The 2021 Fashion Transparency Index concluded that global fashion brands and retailers are not growing fast enough and need to do more to share information on their supply chain, carbon emissions, ethics, living wages, production and use of water.
The overall average score on the 250 brands measured in 2021 was 23%, which is the same score as in 2020.
The overall average score is based on 239 indicators in five key areas: Policies and Commitments, Governance, Supply Chain Traceability, Know, Show and Fix, and Highlight Problems. The hot topics for 2021 covered the response to Covid-19, gender and racial equality, sustainable sourcing and materials, overconsumption and business models, waste and circularity, water and chemicals and climate change and biodiversity.
This year’s index demonstrated that many improvements are needed in terms of supply chain transparency. Less than half of the brands participating in the index (47%) disclosed their manufacturing facilities and a quarter of the brands (27%) disclosed wet processing facilities and spinning mills located deeper in their production chains. supply.
These numbers represent a slight increase from 2020 when only 40% disclosed their top tier manufacturers and only 24% disclosed information about their processing facilities.
Just over 10% of brands in 2021 shared information about their raw material suppliers (11%), but this was a slight improvement from the 7% who disclosed this information in 2020.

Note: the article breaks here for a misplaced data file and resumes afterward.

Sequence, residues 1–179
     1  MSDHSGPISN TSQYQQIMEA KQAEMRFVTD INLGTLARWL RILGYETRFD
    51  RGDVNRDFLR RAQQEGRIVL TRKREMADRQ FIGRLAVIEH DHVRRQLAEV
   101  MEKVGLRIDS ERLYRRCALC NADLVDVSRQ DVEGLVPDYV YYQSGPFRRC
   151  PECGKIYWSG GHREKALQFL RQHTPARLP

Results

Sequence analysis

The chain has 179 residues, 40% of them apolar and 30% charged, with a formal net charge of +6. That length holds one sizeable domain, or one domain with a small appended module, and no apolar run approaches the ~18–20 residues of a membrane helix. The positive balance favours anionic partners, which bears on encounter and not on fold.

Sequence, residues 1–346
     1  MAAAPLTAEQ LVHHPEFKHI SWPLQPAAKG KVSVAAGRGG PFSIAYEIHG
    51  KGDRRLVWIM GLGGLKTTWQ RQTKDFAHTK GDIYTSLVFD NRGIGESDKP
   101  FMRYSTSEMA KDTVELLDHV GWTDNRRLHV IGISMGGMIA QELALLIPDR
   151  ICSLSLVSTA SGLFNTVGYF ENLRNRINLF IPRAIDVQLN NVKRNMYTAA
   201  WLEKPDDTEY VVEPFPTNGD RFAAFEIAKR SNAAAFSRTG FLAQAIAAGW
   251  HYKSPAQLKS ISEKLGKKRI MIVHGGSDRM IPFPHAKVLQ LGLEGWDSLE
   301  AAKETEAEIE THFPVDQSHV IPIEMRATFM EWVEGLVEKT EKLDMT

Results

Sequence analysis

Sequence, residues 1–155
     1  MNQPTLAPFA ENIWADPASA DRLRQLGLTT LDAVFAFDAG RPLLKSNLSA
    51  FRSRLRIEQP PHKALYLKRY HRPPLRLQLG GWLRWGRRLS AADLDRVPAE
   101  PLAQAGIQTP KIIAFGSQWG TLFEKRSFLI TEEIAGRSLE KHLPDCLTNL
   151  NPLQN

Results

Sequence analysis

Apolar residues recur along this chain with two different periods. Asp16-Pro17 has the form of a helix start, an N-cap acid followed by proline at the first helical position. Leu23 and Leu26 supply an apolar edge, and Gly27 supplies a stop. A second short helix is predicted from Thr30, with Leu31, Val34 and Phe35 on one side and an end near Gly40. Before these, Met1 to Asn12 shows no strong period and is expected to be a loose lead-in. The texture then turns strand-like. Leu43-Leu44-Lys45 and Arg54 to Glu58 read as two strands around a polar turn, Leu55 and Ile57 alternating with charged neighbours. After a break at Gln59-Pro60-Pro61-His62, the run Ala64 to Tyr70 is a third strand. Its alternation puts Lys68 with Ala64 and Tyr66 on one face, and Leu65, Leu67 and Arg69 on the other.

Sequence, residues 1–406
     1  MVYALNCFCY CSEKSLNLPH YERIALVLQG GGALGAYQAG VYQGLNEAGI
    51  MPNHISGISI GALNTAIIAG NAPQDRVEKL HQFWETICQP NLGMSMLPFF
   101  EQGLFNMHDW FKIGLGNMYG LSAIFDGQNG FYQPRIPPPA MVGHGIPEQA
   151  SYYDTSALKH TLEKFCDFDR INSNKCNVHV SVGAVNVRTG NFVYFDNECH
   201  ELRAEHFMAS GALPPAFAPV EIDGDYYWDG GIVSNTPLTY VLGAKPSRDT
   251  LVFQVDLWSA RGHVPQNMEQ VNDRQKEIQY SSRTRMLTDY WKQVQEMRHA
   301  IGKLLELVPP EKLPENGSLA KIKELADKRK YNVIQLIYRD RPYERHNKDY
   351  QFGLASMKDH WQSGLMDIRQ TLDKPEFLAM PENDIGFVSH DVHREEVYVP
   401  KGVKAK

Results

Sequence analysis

In terms of carbon emissions, the fact that many brands do not share information down the supply chain makes it difficult to assess carbon emissions as up to 80% of the sector’s emissions occur at this stage.
Only 26% of the brands in the index published their annual carbon footprint at the manufacturing level and only 17% disclosed their emissions at the raw material level. The level of raw materials is crucial because this is where the greatest environmental impact occurs during a garment’s lifecycle, according to a report by Global Fashion Agenda (GFA) and McKinsey.
In addition, only 18% of brands publish data on absolute energy reduction in the supply chain, which is essential for reducing emissions from the apparel industry.
Water is another critical issue for the fashion industry and 95% of brands have not disclosed their annual water footprint in raw materials. While only 30% of brands have disclosed their commitment to eliminate the use of dangerous chemicals.
The report explains that big brands have a clear responsibility to review their supply chain, identify risks and impacts on human rights and the environment. By not sharing information about supply chains, abusive, dangerous working conditions and environmental damage can occur without brands making any effort to recognize or address these issues.
The authors of the index stress that as a first step, brands and retailers must understand and disclose their own supply chain to allow greater traceability and transparency.
The environmental issue continues to be urgent for the global fashion industry. The authors of the index explain that brands need to show how they are reducing their environmental impacts by tracking this data throughout the supply chain and sharing it with stakeholders and members of the public in the future.
The brands with the lowest overall score in 2021 are: Belle, Big Bazaar – fbb, Elie Tahari, Jessica Simpson, KOOVS, Metersbonwe, Mexx, Youngor, Fashion Nova, Pepe Jeans, Semir, Tom Ford, Bilabong, Heilan Home, Quiksilver, Roxy, celio, Max Mara, the New Yorker and Tory Burch.
The brands that achieved the highest overall score in 2021 are: OVS, H&M, The North Face, Timberland, C&A, Vans, Gildan, Esprit, United Colors of Benetton, calvin Klein, Tommy Hilfiger, Van Heusen (PVH), Gucci, Kmart Australia and Target Australia.
Click here for more information on how Brazilian fashion brands performed in the Fashion Transparency Index for Brazil.